First time buyer guide
What Is a LISA?
The government created the LISA so that first-time buyers could improve their chances of buying a property – using it as their mortgage or home deposit – as well as for those concerned with saving for their retirement.
This individual savings account (ISA) is tax-free and allows you to save up to £4,000 each tax year until you turn 50, with the government adding a monthly bonus of 25% to the amount saved. To put it simply: you can get a bulky £1,000 a year for every £4,000 saved in a tax year, for free.
Can I Open a LISA?
If you are a permanent UK resident or a Crown Servant aged between 18 and 39 you can open a LISA with any bank, building society or investment manager offering them.
How Does it Work?
You can save money into your LISA as a lump sum or by putting in money when you want. The government will add a 25% bonus monthly to your savings every year until your 50th birthday. After the age of 50, you can save it for a rainy retirement day.
If you’d like to use your LISA to buy a house, you can only do so if it’s your first-ever property and worth up to £450,000. The house must be for you to actually live in, not to rent out or use as a holiday retreat.
You can withdraw money from your LISA before you’re 60, but you’ll have to pay a 25% penalty for withdrawals not used for LISA purposes. And, no, this doesn’t leave you where you started. If you’ve saved £4,000 and you received a £1,000 bonus for it, the 25% withdrawal penalty on the resulting £5,000 would leave you with £3,750. In other words: you’d lose over 6% of your contribution. Something worth bearing in mind.
If you’re terminally ill or you die, the penalty does not apply.
Once your LISA is open, you’re free to transfer your money to another provider if their rates suit you better.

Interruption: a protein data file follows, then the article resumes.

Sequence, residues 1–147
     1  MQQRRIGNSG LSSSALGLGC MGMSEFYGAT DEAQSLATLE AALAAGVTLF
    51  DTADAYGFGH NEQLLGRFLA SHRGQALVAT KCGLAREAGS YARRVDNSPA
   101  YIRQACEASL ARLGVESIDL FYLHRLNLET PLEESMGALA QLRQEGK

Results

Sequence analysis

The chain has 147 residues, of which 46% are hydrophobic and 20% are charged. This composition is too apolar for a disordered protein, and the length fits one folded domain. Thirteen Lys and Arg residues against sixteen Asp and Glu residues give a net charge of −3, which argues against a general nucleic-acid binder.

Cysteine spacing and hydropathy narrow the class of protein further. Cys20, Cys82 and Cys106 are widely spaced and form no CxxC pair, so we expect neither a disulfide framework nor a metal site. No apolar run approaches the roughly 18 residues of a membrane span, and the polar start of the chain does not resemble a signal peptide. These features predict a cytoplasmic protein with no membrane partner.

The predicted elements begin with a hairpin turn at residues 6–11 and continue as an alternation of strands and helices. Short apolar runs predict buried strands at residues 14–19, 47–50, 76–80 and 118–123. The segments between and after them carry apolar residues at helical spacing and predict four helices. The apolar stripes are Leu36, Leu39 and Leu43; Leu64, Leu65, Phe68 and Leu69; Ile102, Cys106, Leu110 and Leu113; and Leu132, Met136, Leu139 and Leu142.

How Soon Can I Use My LISA to Buy My First Home?
In order to use your LISA for a home purchase it needs to have been open for at least a year. Also, if you’re buying a home with your partner and you both have a LISA, you could combine them to buy the house together.
Looking to buy in less than twelve months? Don’t panic! Maybe the Help to Buy ISA could be a good choice for you.
Types of LISAs
The LISA provides two savings options:
- Cash LISA: you put in cash like in a savings account and get interest on it.
- Stocks and Shares LISA: your money is invested in stocks and shares so the return you get will depend on how well they do. There is a risk attached to this type of product as you might make a loss. That’s why they are typically recommended as a long term investment (at least 5 years) to allow time to ride out any bumps in the market.
How a Help to Buy ISA Differs From a Lifetime ISA
- It takes monthly contributions only vs lump sums.
- The yearly savings are £2,400 (£3,400 in the first year) vs a LISA’s £4,000.
- The bonus payment is granted only when the house is purchased vs a monthly bonus.
- The maximum price for the house is £250,000 (£450,000 in London) vs a LISA’s £450,000 anywhere in the country.
- It can be used for buying a house when you’ve saved £1,600 (which is possible within 3 months) vs a LISA’s 12-month opening period.
- Any first-time buyer aged 16 or over can open one vs any 18 to 39 year-old UK resident in a LISA’s case.
- It can only be used for a mortgage deposit vs a LISA’s home and mortgage deposits.
- You can withdraw money if you’re not buying a home at any time (but you won’t get the bonus) vs a LISA’s having to be over 60, or not getting the bonus and paying a 25% penalty if withdrawing money earlier.
|Lifetime ISA||Help to Buy ISA|
|Lump Sums||Yes||Only an initial £1,000 allowed (plus £200 monthly contribution)|
|Yearly Saving||£4,000||£3,400 in the first year
|Bonus Payment||Yearly (interest made on bonus)||When house is purchased|
|Maximum Home Price||£450,000||£250,000
£450,000 (in London)
|Can Be Used for a Home Purchase||After 12 months of LISA being open||When you’ve saved £1,600 (possible within 3 months)|
|Who Can Open It||UK residents aged 18 to 39||First-time buyers aged 16 or over|
|Can Be Used For||Home & mortgage deposits||Just mortgage deposit|
|Withdrawing Money If Not Buying a Home||Yes, when you’re 60+ (if earlier you won’t get bonus)||Yes, at any time but you won’t get the bonus|
Which one Is Right for Me?
So, if you’re not sure whether you’ll be buying a home, are over 40, or in a hurry to purchase a house in under 3 months, a Help to Buy ISA might be just what you need.
However, if you’re definitely buying a home, are a UK resident between 18 and 39 years old, you’re not in a hurry to purchase a house in under a year and the home you’re interested in doesn’t cost more than £450,000, remember the juicier bonus that a Lifetime ISA can give.